A space and a story: What we do at Eight Owls Farm

“So what exactly does your farm…. do? Do you sell vegetables or what?”

Man, has this question been tricky to answer from the very beginning. We had a loose business plan when we bought the farm. To grow vegetables + mushrooms, raise goats for meat and milk, and sell primitive arts and crafts. However, after being here for just one year–what we were actually doing was starting to feel quite different than what we had originally put down on paper.

Mostly because, we had no clue what was about to go down when we closed on our 9.87 acres in September of 2012. We didn’t know we would be a collective 225 pounds lighter just under two years after we closed than we were when we first rented a farm in fall of 2010.


Jan 2011 on rental farm (left) Nov 2012 just after buying our land (right)

We certainly had no idea that so many people would want to drive here from all over creation just to land in this nest and talk about transitioning into homestead life. We didn’t know that those people would have such a intense reaction to this homestead and our story that was taking place on it. Not to mention, we were just starting to see just how much potential this scrubby, steep, scrappy little homestead had.

There was only one problem, when people started to arrive in droves in 2013 to take homesteading workshops from this art educator turned farmer–we weren’t quite ready for it to do so well. Having loads of folks come through our farm felt quite different than our plan to grow veggies and cuddle goats. Our infrastructure wasn’t in place, this vacation home foreclosure to farm remodel was a long way from complete, and we were very used to having a quiet and secluded sort of life. But, we met some truly amazing folks and we kept getting told how inspiring and important what we were doing was.


My favorite picture from summer 2013 of our #1 future farmer and co-owner of Five Farms Camp, some folks that we have just loved hosting for the last three summers. It was also the first picture of me I had liked in a very long time and I was roughly halfway through losing the weight I lost.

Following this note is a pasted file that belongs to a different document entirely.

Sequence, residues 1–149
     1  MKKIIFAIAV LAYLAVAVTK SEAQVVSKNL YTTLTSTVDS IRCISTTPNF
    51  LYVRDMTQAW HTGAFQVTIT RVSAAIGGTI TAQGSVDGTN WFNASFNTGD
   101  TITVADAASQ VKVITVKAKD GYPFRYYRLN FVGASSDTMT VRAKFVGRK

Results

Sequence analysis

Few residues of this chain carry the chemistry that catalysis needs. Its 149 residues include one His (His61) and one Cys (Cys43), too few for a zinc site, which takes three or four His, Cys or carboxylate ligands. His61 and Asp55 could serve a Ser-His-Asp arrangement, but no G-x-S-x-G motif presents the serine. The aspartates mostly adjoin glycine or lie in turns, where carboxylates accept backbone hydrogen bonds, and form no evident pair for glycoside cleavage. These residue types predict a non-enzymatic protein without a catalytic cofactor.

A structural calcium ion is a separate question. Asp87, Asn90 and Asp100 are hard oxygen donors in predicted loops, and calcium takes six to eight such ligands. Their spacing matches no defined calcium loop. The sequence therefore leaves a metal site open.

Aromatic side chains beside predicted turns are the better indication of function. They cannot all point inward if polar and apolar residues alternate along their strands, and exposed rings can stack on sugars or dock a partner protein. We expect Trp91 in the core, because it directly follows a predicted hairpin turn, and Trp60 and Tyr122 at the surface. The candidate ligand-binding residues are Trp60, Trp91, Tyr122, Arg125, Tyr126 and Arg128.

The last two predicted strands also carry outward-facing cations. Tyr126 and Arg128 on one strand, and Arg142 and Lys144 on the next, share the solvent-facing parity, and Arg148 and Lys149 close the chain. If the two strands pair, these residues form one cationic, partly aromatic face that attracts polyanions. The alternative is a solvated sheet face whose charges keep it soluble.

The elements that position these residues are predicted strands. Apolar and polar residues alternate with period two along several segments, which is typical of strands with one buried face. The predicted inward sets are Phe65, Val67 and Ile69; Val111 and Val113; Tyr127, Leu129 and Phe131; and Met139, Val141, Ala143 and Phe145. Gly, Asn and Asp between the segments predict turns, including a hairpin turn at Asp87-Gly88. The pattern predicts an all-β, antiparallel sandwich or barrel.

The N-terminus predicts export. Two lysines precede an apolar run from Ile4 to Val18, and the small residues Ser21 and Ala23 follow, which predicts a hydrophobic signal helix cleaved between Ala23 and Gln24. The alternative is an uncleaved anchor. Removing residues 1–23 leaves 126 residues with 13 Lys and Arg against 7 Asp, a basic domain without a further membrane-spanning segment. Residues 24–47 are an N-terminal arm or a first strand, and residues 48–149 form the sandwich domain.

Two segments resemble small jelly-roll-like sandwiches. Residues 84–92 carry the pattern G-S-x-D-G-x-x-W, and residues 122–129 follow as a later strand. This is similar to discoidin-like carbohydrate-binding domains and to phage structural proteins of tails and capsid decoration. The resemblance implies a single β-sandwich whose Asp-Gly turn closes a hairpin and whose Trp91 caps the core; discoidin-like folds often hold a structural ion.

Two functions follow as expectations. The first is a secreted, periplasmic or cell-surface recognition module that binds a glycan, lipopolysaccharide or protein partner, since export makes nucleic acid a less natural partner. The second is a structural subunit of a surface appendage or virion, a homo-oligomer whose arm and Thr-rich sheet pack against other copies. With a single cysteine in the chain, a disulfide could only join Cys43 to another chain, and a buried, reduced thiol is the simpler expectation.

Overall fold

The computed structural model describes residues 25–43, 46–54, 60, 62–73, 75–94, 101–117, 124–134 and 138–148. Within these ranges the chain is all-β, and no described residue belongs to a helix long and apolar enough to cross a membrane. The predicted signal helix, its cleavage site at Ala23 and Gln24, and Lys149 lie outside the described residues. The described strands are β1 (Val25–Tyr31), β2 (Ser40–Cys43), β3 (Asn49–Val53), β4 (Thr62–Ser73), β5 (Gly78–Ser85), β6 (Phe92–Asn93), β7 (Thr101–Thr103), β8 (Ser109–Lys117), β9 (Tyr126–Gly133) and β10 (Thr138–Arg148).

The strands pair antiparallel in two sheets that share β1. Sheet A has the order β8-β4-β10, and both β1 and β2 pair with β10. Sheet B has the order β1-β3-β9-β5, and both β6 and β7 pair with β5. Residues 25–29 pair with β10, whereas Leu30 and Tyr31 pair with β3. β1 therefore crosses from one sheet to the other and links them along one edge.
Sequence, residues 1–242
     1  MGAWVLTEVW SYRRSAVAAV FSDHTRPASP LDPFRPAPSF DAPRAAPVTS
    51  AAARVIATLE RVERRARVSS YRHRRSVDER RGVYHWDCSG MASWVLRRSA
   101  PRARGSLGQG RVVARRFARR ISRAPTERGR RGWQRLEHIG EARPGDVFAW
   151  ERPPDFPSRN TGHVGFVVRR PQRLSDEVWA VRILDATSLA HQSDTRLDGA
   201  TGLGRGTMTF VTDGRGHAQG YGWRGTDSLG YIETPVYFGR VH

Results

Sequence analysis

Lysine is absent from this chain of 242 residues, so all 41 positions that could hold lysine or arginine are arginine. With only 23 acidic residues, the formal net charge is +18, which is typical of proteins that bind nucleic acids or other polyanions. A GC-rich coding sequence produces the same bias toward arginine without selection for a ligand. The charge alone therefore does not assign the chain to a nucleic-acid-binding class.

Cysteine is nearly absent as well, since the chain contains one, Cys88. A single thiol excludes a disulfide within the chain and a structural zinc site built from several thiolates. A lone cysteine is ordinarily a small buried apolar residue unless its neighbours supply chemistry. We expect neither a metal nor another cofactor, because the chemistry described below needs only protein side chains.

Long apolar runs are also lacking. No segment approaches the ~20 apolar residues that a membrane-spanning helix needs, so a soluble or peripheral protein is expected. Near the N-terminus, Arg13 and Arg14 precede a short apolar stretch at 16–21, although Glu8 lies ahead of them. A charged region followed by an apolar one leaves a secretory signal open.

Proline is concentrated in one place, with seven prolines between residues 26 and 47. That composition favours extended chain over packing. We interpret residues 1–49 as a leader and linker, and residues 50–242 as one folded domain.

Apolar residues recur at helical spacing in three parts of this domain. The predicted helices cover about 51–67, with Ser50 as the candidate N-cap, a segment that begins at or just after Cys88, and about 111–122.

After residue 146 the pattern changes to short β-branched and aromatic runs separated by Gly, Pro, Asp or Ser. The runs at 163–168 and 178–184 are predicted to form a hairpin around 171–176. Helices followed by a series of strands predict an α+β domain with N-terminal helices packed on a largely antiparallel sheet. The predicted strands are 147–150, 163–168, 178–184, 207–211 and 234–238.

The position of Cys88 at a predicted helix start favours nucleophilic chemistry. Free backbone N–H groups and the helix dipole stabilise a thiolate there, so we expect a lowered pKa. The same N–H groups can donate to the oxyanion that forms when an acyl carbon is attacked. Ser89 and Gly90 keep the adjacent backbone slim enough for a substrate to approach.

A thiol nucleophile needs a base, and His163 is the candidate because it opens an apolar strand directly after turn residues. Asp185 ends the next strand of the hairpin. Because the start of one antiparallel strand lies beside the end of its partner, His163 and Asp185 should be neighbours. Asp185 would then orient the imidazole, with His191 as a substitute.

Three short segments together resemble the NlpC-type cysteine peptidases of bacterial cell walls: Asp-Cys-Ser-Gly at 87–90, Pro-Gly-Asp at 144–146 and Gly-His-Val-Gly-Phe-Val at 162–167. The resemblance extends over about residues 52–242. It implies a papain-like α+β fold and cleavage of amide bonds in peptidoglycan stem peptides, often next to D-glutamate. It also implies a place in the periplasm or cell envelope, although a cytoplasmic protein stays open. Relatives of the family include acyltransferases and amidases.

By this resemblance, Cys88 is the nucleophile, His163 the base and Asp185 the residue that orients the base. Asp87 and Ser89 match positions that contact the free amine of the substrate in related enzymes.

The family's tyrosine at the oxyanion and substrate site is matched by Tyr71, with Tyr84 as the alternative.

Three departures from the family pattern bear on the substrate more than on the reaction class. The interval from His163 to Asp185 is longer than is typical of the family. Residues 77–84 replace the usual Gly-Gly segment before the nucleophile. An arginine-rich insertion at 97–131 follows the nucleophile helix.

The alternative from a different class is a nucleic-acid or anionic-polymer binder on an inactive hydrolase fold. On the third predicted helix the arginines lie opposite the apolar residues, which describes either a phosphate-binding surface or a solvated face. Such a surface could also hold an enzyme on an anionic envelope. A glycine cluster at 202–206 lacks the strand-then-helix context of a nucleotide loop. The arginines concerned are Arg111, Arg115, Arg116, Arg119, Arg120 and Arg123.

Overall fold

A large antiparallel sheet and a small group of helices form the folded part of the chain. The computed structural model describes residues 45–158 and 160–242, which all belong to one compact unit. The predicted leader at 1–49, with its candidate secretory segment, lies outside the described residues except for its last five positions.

Since we do love to give back to folks in whatever ways we can–we made the decision to just keep going, but to go smaller while we were still deep in our “demo + trees” years. We reopened on a smaller scale in 2014 to what ended up being even bigger crowds.


Mountain Sun Community School visit in Oct 2014 (top left) June 2014 goat workshop (top right) lamb to classroom visit jan 2015 (bottom)

By January 2015, we had learned a ton–about what we liked, didn’t like, what we felt good at and what we didn’t. This Farmer knew she wanted to move from teaching workshops to hosting them and become a student her own self. To share funny stories to make this life feel more approachable as well as share the mistakes we made in the beginning with other folks so that they won’t make them too. To be doing those things in much smaller and more spread out doses–so that we would have more time out here on our own. The Forager knew she didn’t want to ever get overrun with custom bow orders again, so she stopped taking orders for custom primitive art and just focused on making it. We both started to see that we did actually want to get back to that plan of providing vegetables to our community in some way one day. We gave the whole hosting thing a trial run by hosting the women’s month long building series in spring 2015 by Build Like a Bird. Sure, it took us a full half a year out here working on our own to process the experience and continue to refine how we will move forward–but we learned a TON. Not just about building, but about laying the next round of brickwork in our business, our farm, and our lives. It was an experience full of growing pains, but here’s hoping they end up being great ones…it certainly already feels like they were.